data[i, position] = (data[i, close] * alpha) + (data[i - 1, position] * beta)
except IndexError:
pass
return data
```

```
def rsi(data, lookback, close, position):
data = add_column(data, 5)
for i in range(len(data)):
data[i, position] = data[i, close] - data[i - 1, close]
for i in range(len(data)):
if data[i, position] > 0:
data[i, position + 1] = data[i, position]
elif data[i, position] < 0:
data[i, position + 2] = abs(data[i, position])
data = smoothed_ma(data, 2, lookback, position + 1, position + 3)
data = smoothed_ma(data, 2, lookback, position + 2, position + 4)
```

```
data[:, position + 5] = data[:, position + 3] / data[:, position + 4]
data[:, position + 6] = (100 - (100 / (1 + data[:, position + 5])))
```

```
data = delete_column(data, position, 6)
data = delete_row(data, lookback)
```

`return data`

### Detecting the Trend Using the Heatmap

The concept of detecting the trend using the RSI is not very useful but is very easy to see. Whenever the RSI is showing a reading that is greater than 50, a bullish regime is in-progress and whenever it is showing a reading that is less than 50, a bearish regime is in-progress. Therefore, we can create the conditions below by tracing a vertical colored line accordingly. Here is how:

**A green vertical line is traced when the RSI is above 50.****A red vertical line is traced when the RSI is below 50.**

By zooming out, we will get a basic form of heatmap as shown in the below chart.

The full code for the plot is as follows:

```
def indicator_plot(data, second_panel, window = 250):
fig, ax = plt.subplots(2, figsize = (10, 5))
sample = data[-window:, ]
```

```
for i in range(len(sample)):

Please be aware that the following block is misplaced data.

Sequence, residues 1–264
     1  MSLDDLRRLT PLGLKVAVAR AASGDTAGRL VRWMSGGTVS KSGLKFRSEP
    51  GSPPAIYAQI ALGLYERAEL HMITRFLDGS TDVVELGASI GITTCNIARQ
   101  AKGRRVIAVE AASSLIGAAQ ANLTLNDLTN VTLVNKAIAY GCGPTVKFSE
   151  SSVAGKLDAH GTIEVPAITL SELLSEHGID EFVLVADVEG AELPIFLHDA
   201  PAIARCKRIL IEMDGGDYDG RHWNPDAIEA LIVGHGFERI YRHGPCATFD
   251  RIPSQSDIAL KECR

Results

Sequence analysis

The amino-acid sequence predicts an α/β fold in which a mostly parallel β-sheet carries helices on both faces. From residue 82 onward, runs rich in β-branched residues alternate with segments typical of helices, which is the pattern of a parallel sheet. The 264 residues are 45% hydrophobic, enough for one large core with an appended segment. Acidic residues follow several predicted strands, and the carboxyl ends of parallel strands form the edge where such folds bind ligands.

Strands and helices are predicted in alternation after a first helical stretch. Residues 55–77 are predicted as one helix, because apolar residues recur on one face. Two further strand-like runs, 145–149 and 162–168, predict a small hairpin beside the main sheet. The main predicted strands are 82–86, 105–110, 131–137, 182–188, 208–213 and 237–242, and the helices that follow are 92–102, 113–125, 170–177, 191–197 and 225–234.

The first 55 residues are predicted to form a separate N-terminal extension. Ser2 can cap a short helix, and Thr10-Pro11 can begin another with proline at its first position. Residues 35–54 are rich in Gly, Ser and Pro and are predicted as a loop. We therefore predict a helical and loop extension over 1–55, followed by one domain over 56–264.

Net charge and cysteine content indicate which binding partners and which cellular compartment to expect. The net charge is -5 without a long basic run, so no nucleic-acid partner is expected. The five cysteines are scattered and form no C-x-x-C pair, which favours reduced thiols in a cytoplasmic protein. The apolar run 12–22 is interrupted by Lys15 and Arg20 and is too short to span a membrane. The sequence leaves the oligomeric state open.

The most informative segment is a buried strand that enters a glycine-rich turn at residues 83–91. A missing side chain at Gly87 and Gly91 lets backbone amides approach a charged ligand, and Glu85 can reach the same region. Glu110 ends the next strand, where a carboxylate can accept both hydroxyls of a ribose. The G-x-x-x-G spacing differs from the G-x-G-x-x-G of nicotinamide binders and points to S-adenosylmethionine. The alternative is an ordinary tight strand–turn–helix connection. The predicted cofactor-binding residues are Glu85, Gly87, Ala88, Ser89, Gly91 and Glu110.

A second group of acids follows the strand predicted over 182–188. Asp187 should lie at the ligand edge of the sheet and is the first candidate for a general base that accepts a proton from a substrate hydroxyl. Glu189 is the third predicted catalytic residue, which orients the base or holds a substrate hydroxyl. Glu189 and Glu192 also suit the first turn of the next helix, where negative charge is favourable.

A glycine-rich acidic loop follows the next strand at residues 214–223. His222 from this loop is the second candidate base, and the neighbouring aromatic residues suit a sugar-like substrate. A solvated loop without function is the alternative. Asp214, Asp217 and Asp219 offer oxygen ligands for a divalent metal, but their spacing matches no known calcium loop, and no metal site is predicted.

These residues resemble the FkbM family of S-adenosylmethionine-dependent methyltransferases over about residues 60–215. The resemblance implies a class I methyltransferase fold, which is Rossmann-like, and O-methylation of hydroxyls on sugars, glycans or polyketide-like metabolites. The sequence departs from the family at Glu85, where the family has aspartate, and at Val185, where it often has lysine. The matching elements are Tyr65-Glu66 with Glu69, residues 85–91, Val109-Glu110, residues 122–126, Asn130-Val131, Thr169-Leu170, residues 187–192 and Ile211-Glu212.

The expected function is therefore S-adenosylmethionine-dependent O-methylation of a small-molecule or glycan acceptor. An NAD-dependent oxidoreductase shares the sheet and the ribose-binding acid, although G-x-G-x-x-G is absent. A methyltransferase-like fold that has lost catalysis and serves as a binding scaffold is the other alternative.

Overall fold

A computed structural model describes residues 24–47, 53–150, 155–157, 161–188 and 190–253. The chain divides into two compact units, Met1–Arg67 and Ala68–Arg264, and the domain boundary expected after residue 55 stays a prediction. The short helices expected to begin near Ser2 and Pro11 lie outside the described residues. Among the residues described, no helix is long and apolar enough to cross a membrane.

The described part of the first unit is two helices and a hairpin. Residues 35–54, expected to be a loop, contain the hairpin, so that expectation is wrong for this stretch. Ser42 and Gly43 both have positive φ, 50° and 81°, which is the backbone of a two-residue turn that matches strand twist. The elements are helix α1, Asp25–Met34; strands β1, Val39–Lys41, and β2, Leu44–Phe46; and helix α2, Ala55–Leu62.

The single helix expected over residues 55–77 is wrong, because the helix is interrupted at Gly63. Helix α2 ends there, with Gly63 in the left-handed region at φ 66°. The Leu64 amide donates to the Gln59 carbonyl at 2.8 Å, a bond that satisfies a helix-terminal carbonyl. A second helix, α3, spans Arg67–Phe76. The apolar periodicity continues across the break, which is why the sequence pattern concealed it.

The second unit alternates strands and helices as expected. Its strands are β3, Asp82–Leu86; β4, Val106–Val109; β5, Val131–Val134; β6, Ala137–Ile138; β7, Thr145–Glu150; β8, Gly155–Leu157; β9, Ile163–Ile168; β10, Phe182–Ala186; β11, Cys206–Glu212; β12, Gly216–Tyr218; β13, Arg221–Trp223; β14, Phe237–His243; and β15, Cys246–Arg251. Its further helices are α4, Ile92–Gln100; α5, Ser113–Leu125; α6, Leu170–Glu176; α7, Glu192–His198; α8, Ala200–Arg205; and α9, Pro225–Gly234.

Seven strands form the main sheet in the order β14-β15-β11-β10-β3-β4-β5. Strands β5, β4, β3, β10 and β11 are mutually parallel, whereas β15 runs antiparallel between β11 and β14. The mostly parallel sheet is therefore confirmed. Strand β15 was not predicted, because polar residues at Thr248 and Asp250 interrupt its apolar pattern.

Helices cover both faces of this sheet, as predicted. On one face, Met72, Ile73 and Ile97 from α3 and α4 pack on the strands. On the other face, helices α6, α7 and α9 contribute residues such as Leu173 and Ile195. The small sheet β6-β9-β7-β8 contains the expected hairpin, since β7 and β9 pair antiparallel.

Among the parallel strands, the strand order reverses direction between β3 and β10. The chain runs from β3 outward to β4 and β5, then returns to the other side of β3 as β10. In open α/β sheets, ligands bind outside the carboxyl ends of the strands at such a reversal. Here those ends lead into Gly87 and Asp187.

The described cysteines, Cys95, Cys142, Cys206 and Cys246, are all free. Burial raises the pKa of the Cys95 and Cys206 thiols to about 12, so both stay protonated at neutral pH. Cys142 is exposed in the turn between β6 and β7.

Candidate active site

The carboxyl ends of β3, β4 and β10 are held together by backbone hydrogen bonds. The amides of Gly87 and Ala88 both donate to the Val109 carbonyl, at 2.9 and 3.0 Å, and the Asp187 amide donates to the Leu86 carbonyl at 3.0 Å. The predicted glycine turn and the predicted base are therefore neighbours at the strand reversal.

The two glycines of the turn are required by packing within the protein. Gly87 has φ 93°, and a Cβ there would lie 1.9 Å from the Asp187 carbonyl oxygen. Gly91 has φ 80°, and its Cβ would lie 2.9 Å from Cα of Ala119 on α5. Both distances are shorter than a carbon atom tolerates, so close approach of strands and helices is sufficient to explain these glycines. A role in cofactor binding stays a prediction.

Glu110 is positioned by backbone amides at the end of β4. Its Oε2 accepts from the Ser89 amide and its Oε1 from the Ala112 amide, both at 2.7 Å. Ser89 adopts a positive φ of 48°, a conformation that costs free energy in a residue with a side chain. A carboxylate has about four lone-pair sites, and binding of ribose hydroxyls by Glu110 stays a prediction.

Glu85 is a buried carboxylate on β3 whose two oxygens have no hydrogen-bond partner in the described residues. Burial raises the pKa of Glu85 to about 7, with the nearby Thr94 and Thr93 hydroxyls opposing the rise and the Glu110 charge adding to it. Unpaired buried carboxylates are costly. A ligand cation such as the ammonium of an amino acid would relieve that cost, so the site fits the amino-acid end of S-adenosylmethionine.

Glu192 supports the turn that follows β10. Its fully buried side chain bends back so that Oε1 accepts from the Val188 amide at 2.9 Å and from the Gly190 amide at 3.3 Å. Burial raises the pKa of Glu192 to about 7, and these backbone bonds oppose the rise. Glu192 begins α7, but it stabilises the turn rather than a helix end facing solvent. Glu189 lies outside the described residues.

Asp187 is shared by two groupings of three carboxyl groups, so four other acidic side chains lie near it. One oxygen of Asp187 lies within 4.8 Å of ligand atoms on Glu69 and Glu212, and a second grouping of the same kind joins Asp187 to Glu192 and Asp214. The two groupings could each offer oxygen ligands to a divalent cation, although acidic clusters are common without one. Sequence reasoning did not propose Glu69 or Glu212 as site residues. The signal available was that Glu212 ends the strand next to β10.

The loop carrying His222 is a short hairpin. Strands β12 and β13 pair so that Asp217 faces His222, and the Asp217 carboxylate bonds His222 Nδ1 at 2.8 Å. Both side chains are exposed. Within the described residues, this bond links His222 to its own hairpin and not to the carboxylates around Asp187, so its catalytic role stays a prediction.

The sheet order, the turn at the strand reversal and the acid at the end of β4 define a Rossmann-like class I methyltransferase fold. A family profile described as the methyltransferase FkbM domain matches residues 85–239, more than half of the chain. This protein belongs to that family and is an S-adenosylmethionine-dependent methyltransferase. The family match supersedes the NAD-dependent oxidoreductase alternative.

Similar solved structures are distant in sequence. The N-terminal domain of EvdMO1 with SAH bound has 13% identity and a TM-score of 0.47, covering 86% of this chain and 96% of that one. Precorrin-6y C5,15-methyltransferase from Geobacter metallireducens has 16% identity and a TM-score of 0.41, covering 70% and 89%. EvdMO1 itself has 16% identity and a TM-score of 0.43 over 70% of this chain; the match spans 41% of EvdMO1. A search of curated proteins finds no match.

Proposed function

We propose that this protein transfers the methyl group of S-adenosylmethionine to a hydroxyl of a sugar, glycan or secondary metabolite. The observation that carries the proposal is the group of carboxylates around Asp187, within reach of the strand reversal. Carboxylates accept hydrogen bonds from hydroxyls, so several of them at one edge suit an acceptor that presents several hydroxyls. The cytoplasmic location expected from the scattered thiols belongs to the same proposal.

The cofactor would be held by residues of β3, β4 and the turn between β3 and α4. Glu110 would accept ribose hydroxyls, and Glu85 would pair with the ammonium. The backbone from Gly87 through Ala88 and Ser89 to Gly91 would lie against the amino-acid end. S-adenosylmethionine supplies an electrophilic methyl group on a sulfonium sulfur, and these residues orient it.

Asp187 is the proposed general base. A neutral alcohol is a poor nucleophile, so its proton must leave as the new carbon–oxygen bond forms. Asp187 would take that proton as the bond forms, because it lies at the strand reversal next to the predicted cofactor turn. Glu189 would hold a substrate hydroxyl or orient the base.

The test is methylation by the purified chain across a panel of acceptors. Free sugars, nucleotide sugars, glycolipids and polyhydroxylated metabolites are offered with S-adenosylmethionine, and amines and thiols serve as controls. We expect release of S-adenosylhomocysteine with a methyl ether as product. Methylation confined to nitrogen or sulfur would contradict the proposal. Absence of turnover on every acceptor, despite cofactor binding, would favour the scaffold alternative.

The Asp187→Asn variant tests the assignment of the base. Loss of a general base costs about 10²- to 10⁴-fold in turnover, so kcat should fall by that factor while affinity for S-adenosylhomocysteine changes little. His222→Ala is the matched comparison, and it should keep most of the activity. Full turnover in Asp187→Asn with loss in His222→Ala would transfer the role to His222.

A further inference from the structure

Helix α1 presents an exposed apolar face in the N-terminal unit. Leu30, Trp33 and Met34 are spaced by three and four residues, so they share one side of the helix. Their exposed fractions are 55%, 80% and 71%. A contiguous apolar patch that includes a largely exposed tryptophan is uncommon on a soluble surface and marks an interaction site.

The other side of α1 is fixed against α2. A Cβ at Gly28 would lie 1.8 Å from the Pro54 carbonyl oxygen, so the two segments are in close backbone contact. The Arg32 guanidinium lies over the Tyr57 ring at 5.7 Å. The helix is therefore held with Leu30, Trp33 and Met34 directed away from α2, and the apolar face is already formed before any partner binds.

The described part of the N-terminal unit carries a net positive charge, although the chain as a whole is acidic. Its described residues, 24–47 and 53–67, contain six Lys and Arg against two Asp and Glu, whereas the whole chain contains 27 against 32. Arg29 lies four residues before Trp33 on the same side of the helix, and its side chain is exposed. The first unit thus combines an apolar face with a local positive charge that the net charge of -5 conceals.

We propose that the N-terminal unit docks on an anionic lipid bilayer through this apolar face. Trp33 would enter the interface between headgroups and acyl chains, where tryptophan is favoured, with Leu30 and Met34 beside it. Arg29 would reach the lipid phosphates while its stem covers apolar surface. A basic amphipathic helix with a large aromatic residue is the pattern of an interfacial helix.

ax[0].vlines(x = i, ymin = sample[i, 2], ymax = sample[i, 1], color = 'black', linewidth = 1)
if sample[i, 3] > sample[i, 0]:
ax[0].vlines(x = i, ymin = sample[i, 0], ymax = sample[i, 3], color = 'black', linewidth = 1.5)
if sample[i, 3] < sample[i, 0]:
ax[0].vlines(x = i, ymin = sample[i, 3], ymax = sample[i, 0], color = 'black', linewidth = 1.5)
if sample[i, 3] == sample[i, 0]:
ax[0].vlines(x = i, ymin = sample[i, 3], ymax = sample[i, 0], color = 'black', linewidth = 1.5)
ax[0].grid()
for i in range(len(sample)):
if sample[i, second_panel] > 50:
ax[1].vlines(x = i, ymin = 0, ymax = 100, color = 'green', linewidth = 1.5)
if sample[i, second_panel] < 50:
ax[1].vlines(x = i, ymin = 0, ymax = 100, color = 'red', linewidth = 1.5)
ax[1].grid()
```

`indicator_plot(my_data, 4, window = 500)`

Remember to call the RSI function on the fifth column of your OHLC array. The fifth column is indexed at 4. The lookback parameters must be tweaked to reduce lag and false signals. Also, we can use other indicators and conditions.

### Summary

To sum up, what I am trying to do is to simply contribute to the world of objective technical analysis which is promoting more transparent techniques and strategies that need to be back-tested before being implemented. This way, technical analysis will get rid of the bad reputation of being subjective and scientifically unfounded.

I recommend you always follow the the below steps whenever you come across a trading technique or strategy:

Have a critical mindset and get rid of any emotions.

Back-test it using real life simulation and conditions.

If you find potential, try optimizing it and running a forward test.

Always include transaction costs and any slippage simulation in your tests.

Always include risk management and position sizing in your tests.

Finally, even after making sure of the above, stay careful and monitor the strategy because market dynamics may shift and make the strategy unprofitable.